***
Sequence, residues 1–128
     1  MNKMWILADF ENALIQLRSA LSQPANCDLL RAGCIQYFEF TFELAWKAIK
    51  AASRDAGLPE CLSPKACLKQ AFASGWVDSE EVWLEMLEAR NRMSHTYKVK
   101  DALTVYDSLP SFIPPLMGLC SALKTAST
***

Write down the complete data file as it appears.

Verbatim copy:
Sequence, residues 1–128
     1  MNKMWILADF ENALIQLRSA LSQPANCDLL RAGCIQYFEF TFELAWKAIK
    51  AASRDAGLPE CLSPKACLKQ AFASGWVDSE EVWLEMLEAR NRMSHTYKVK
   101  DALTVYDSLP SFIPPLMGLC SALKTAST